ROBERT SIEGEL, host:
This is ALL THINGS CONSIDERED from NPR News. I'm Robert Siegel.
MICHELE NORRIS, host:
And I'm Michele Norris. The recession has sapped demand for all kinds of goods, including cars. And that means now may be a good time to think about buying one. People who follow the business say prices for many vehicles are lower than they've been in years. As NPR's Frank Langfitt reports, that is yet to send customers stampeding to the showrooms.
FRANK LANGFITT: I'm standing here in the parking lot of Ourisman Chevrolet. It's just outside of Washington D.C. And like a lot of dealers in the country right now, this one is doing whatever it can just to get customers to come in and look at vehicles.
Mr. ABBAS KHADEMI (General Manager, Ourisman Chevrolet): I'm Abbas Khademi. I'm the general manager at Ourisman Chevrolet in Marlow Heights, Maryland. This is probably one of the best times, you know, to get a deal on a new vehicle.
LANGFITT: So dazzle me.
(Soundbite of laughter)
Mr. KHADEMI: Well, the Chevy Cobalt, which is basically a subcompact vehicle, I mean, right now we have those on sale for $8,900.
LANGFITT: We're standing in front of a black two-door coupe with a spoiler on the back.
Mr. KHADEMI: This one here, and this price is $15,000.
LANGFITT: How do you get from 15,000 as your MSRP, your kind of sticker price to $8,900?
Mr. KHADEMI: General Motors has some rebates, you know, some bonus cash, they call it. There's all different kind of programs. And to be honest, which for us right now, we're just trying to sell some cars.
LANGFITT: So are most dealers these days. Jessica Caldwell is an analyst for Edmunds.com, the consumer car Web site.
Mr. JESSICA CALDWELL (Analyst, Edmunds.com): There are just an incredible amount of deals. And the thing that's crazy is that it doesn't matter what vehicle you're looking for or what brand you're looking for, we're seeing even finance deals for Bentleys.
LANGFITT: Those offers haven't turned around the market yet. Last month overall sales were down 37 percent from the year before. Dealers say the problem is not so much financing, as consumer anxiety. And that's pushing dealers to cut prices even on popular vehicles. That's what Abbas, the manager of Ourisman Chevy, is doing with the redesigned Malibu, the sleek sedan won 2008 North American Car of the Year.
Mr. KHADEMI: Two years ago we were not even barely discounting the car. But this car here lists for $22,355. We have those on sale right now for $14,300.
LANGFITT: There is a small catch: To get that price, you have to trade in a vehicle that isn't made by GM. Otherwise, you have to pay an extra grand. Abbas admits he's losing money on deals like this. His strategy, make it up in his service bays.
Mr. KHADEMI: We sell the new car, you come back, you use our service department. And then when you need another car for your family, for your neighbor, for your friends, for your parents, you can recommend us.
LANGFITT: In fact, despite what you might think, dealerships don't make their big money on new car sales.
When you look at your profits, what percentage come from service, and parts and repairs?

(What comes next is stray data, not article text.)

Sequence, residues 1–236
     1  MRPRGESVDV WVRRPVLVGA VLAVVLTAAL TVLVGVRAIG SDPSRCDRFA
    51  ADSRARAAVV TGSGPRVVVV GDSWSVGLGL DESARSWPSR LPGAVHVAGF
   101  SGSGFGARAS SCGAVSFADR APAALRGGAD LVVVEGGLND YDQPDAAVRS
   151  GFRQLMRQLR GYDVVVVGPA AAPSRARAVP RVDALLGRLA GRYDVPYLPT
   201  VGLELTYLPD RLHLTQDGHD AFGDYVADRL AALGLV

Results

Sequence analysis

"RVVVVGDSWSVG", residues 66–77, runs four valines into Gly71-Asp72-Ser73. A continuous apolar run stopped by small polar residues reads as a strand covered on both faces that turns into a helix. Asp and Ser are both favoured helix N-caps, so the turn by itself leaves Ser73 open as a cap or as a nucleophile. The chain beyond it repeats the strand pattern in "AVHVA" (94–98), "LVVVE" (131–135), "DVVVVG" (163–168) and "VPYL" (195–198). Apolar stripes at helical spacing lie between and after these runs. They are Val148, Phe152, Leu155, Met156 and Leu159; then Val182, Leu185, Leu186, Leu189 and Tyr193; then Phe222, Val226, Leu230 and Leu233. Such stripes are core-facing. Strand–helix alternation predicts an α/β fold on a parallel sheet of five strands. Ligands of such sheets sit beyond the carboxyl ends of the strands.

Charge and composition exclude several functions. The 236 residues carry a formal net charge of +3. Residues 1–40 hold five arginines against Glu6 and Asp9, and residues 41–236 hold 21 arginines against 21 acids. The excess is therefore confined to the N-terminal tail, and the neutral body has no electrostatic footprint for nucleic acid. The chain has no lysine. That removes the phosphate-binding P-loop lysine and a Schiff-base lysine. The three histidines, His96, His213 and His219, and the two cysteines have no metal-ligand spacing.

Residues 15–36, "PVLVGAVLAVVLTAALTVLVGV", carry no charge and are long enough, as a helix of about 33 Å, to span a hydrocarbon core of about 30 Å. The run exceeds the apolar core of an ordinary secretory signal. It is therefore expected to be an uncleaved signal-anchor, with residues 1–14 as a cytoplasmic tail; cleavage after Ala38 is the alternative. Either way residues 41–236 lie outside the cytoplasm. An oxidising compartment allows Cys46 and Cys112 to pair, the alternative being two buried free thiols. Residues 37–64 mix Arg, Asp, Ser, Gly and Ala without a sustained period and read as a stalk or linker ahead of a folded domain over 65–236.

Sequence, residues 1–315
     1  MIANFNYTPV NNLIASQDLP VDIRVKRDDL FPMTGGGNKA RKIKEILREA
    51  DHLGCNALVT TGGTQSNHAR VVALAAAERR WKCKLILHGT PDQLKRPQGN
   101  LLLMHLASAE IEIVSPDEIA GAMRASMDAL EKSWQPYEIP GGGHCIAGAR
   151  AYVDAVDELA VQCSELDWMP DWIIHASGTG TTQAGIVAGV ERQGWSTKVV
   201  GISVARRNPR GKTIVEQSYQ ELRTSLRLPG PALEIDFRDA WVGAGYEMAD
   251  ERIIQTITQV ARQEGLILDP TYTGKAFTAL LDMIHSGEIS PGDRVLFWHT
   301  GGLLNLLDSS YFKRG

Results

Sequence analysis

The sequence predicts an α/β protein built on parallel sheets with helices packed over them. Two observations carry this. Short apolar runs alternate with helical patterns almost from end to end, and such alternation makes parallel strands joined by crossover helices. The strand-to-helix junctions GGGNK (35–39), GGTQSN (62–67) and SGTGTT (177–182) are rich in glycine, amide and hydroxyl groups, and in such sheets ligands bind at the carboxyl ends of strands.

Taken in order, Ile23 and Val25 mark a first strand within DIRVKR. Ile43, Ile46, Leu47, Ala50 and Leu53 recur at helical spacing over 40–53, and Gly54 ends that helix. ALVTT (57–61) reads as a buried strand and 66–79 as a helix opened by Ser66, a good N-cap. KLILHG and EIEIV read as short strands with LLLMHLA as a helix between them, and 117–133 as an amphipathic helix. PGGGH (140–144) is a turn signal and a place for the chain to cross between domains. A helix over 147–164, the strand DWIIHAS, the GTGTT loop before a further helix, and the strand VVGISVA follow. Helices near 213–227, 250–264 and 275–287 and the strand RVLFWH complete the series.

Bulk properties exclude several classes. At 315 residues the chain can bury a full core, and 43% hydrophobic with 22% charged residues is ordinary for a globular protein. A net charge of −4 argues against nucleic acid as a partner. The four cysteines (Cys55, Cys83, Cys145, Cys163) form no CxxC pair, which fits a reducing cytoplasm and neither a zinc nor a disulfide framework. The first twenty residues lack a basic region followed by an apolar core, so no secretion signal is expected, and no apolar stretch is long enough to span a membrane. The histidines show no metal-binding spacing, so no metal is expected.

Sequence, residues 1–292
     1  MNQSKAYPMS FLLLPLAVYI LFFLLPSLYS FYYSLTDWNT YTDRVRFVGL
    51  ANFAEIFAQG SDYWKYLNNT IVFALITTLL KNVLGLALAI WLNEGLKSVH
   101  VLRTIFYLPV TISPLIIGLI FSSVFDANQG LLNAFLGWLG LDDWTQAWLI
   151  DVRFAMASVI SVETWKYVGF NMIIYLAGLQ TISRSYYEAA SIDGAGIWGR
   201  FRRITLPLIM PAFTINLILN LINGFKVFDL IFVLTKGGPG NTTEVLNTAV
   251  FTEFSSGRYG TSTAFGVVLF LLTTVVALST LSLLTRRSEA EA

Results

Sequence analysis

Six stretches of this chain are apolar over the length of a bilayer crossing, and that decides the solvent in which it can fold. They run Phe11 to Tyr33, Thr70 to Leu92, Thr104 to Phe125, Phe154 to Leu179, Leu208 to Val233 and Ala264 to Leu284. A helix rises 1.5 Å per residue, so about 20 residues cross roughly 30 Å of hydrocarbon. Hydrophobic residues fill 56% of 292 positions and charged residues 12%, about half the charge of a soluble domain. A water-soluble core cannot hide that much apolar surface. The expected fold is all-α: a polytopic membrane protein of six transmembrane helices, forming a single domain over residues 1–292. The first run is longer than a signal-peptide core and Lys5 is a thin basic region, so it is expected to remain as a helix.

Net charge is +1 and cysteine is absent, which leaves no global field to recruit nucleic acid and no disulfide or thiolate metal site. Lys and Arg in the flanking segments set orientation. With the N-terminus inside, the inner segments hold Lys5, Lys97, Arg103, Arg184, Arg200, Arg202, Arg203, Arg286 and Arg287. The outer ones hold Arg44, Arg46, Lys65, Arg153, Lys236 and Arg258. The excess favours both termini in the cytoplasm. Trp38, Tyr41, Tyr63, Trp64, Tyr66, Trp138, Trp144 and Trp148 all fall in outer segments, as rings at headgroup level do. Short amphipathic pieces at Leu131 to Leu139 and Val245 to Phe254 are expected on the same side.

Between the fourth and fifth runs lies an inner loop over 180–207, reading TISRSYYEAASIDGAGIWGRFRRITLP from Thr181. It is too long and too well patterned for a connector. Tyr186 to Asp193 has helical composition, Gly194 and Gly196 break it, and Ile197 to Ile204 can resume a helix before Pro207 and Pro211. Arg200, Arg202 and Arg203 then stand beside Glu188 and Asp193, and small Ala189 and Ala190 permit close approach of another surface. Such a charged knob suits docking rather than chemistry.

Mr. KHADEMI: I would say probably 75 percent of our profits…
Mr. KHADEMI: …come from our service and parts operation.
LANGFITT: But first, Abbas has to sell those new cars. Some of the prices aren't as low as people expect. Nelson White teaches pre-K at a local school. He has a second child on the way. And he's here today hunting for a new SUV.
Mr. NELSON WHITE (Teacher): Well, yeah, I heard on the news that it was a good time to buy right now. So we're trying to maximize that moment.
LANGFITT: White's eyeing a Chevy Traverse, a crossover. He hopes to spend as little as $25,000.
Mr. WHITE: It offers a lot and it has a lot of space in it. It's like right around 30,000, so…
LANGFITT: Trying to strike you as a good deal?
Mr. WHITE: It's a okay deal. It's not as sweet as I thought it would be, but it's okay.
(Soundbite of phone ringing)
LANGFITT: That's the telephone inside the showroom. It doesn't ring much these days. Salesmen spend most of their time pacing the floor with their hands stuffed in their pockets. Henry Marin handles finance. He says one reason more people aren't buying is because they want to see if GM will collapse and prices fall even further.
Mr. HENRY MARIN (Finance Handler): You know, they're waiting for the bankruptcy and see what's going to happen. Basically we try to tell them that it's not going to be tied within as a small business going bankrupt and they have to sell everything at a - you know, 50 percent, or 60 or 70 percent off.
LANGFITT: Fortunately for the dealership, there's still customers like Carl Little Jr. He's a plumber who drives a five-year-old Chevy Silverado pickup. With extras, he thinks he can get a new one for as little as $22,000.
Mr. CARL LITTLE Jr. (Plumber): I think they'll work a deal with me. They said they're gonna work with me. So I think I'll be able to work something out, you know.
LANGFITT: But dealers will have to work out a lot more sales with customers like Carl Little if they hope to turn around the auto market.
Frank Langfitt NPR News, Washington.
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